The court finds that remand is necessary because the ALJ failed to determine whether lumbar arthralgia is a medically determinable impairment in the circumstances of this case, and if so whether it causes additional limitations in Plaintiff's RFC. Since the court finds that remand is necessary due to error in the ALJ's step two determination, it will not address the remaining errors Plaintiff alleges. He may make arguments in that regard to the Commissioner on remand.

II. The Step Two Evaluation

Plaintiff claims the ALJ erred in failing to make step two findings regarding whether degenerative changes in Plaintiff's acrimoclavicular joint, chronic peripheral neuropathy, carpal tunnel syndrome, and lumbar arthralgia are severe impairments in the circumstances of this case. He argues that the record contains medical evidence that Plaintiff is affected by each of these impairments, that the ALJ did not consider whether they are severe impairments within the meaning of the Act and the regulations, and that the ALJ did not consider these impairments when assessing Plaintiff's RFC.

In response, the Commissioner argues that the ALJ properly evaluated the severity of Plaintiff's impairments at step two. She points out that the ALJ found severe impairments of COPD (Chronic Obstructive Pulmonary Disease) and ventricular tachycardia with defibrillator implant, that she found that Plaintiff's medically determinable impairments of diabetes, depression, and substance abuse are not severe within the meaning of the Act and the regulations, and that she considered Plaintiff's testimony of back and knee problems and his treatment for lumbar arthralgia. She notes that Plaintiff testified before the ALJ regarding carpal tunnel symptoms, argues that an ALJ is not required to discuss every piece of evidence, and admits that the ALJ "did not recite each of [Plaintiff's] complaints and [the physicians'] findings, but concluded that Plaintiff's allegations were not fully supported." (Comm'r Br. 6). She concludes that "[g]iven the ALJ's thorough analysis of Plaintiff's subjective allegations and the factors that undermined them, Plaintiff's argument that there were limitations from nonsevere impairments that could have reduced his RFC and that the ALJ failed to discuss these unidentified limitations is without merit." Id. at 7.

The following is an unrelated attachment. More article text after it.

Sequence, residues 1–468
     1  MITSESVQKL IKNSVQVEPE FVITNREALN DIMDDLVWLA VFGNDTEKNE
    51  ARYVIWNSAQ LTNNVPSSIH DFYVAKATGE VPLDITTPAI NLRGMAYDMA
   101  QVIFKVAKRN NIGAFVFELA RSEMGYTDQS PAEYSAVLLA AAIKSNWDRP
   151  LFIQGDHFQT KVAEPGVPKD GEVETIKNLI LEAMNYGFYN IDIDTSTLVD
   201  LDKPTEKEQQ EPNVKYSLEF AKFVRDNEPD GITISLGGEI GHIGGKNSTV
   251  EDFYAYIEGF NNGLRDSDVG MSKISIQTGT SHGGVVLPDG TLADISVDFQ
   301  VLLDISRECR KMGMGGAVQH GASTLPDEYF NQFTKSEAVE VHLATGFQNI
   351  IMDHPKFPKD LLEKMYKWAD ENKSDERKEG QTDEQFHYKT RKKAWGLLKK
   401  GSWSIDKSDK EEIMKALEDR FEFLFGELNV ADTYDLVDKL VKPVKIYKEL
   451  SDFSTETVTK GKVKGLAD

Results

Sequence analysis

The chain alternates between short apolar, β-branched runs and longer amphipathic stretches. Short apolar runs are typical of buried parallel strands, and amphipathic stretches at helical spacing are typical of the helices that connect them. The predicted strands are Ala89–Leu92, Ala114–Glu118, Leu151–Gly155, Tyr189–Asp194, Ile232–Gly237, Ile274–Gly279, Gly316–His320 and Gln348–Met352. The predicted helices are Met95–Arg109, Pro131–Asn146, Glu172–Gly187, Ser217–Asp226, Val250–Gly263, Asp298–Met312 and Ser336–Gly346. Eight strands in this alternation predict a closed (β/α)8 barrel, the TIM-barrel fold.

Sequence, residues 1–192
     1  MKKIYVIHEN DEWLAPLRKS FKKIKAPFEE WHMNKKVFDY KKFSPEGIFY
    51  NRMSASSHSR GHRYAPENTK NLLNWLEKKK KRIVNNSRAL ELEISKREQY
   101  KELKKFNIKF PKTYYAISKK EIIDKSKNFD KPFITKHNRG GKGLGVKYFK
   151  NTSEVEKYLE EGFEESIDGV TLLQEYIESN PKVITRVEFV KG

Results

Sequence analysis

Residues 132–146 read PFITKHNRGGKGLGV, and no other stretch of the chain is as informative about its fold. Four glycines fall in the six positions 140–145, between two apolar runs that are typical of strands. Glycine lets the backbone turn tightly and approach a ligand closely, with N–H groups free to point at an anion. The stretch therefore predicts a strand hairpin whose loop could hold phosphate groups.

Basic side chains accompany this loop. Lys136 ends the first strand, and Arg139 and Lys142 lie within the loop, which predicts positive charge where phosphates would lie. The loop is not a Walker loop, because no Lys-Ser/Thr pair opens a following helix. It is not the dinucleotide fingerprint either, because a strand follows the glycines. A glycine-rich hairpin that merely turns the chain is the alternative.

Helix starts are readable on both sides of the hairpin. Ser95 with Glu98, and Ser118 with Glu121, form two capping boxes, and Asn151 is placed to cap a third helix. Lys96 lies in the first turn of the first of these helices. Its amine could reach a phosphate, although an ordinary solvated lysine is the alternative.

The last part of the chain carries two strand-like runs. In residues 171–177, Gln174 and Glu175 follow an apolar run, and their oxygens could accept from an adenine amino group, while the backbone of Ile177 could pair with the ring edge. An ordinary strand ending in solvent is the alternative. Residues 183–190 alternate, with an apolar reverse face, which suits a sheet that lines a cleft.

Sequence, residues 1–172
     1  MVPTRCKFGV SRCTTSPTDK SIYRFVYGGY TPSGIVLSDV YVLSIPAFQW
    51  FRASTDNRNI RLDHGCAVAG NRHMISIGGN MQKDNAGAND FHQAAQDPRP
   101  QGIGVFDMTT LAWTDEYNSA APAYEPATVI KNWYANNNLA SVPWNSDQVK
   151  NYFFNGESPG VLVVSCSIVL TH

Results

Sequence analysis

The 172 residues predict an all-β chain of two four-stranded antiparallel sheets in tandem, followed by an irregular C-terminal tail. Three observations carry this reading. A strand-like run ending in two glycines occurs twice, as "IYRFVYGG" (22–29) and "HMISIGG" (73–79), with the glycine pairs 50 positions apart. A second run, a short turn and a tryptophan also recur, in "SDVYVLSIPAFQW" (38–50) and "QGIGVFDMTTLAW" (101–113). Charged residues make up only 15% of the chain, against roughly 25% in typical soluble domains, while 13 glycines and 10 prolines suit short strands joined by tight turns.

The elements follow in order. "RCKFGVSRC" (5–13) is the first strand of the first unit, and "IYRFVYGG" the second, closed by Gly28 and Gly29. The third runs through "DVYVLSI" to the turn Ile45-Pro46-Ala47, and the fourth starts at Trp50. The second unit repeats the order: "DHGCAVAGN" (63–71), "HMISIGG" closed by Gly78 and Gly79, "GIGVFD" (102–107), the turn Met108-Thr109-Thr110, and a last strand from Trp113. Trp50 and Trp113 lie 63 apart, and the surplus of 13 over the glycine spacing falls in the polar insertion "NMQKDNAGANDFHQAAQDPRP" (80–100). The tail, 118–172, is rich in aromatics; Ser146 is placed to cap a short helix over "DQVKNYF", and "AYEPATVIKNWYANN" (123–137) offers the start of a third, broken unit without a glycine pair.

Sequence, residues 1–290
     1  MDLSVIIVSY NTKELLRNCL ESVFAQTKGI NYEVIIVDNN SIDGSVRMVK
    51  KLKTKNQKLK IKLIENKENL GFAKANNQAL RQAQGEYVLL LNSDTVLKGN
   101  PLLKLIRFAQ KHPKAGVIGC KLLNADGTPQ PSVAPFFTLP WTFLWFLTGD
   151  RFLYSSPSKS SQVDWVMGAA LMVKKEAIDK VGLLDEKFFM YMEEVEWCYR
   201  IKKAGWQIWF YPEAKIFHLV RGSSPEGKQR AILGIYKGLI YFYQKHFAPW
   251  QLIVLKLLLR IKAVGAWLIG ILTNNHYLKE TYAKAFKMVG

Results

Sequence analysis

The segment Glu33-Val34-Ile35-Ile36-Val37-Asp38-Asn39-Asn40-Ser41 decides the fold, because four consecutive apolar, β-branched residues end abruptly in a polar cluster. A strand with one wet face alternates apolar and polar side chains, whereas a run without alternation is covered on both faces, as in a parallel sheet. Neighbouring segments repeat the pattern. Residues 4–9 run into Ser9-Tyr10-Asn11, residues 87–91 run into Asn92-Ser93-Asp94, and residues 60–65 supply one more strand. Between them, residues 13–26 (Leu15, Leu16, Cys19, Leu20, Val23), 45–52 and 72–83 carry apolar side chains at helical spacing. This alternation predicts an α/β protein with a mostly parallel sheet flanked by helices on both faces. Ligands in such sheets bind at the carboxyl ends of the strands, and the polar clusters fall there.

A. The ALJ's Findings

In her step two analysis, the ALJ found that Plaintiff has COPD and ventricular tachycardia which are severe within the meaning of the Act. (R. 16). She also considered the medically determinable impairments of diabetes, depression, and substance abuse, but found that they are nonsevere in this case. Id. at 16-17. Later, in her RFC analysis the ALJ discussed Plaintiff's back and knee problems:

The claimant testified that he has back and knee problems and although he has been treated for lumbar arthralgias, the record shows that there is no history of surgery. An x-ray of the lumbar spine showed only minimal disc space narrowing (exhibit C21F [(R. 629-838)]).[2] Physical examinations show full range of motion, stable gait and station. No asymmetrical reflex or sensory or motor deficits noted. The claimant was able to bend 6 inches to the floor. There were no limitation of joint movement and all joints were without tenderness, effusion or redness (exhibit C11F [(R. 452-58)]).

(R. 21).

B. The Standard for Evaluating the Severity of a Claimant's Impairments

At step two of the sequential evaluation process, the Commissioner must determine whether the claimant has a medically determinable impairment or combination of impairments which is severe. 20 C.F.R. § 416.920(a)(4)(ii). To establish a severe impairment or combination of impairments at step two of the sequential evaluation process, plaintiff must make only a "de minimis" showing. Hinkle v. Apfel, 132 F.3d 1349, 1352 (10th Cir. 1997). He need only show that an impairment would have more than a minimal effect on his ability to do basic work activities. Williams, 844 F.2d 748, 751 (10th Cir. 1988). However, he must show more than the mere presence of a condition or ailment. Hinkle, 132 F.3d at 1352 (citing Bowen v. Yuckert, 482 U.S. 137, 153 (1987)).

At steps three, four, or five of the process, when determining whether a claimant's impairment or impairments are of disabling severity, the Commissioner must "consider the combined effect of all of [a claimant's] impairments without regard to whether any such impairment, if considered separately would be of sufficient severity." 20 C.F.R. § 416.923; see also, Brescia v. Astrue, 287 F.Appx. 626, 628-629 (10th Cir. 2008); Hill v. Astrue, 289 F.Appx. 289, 291-292, (10th Cir. 2008).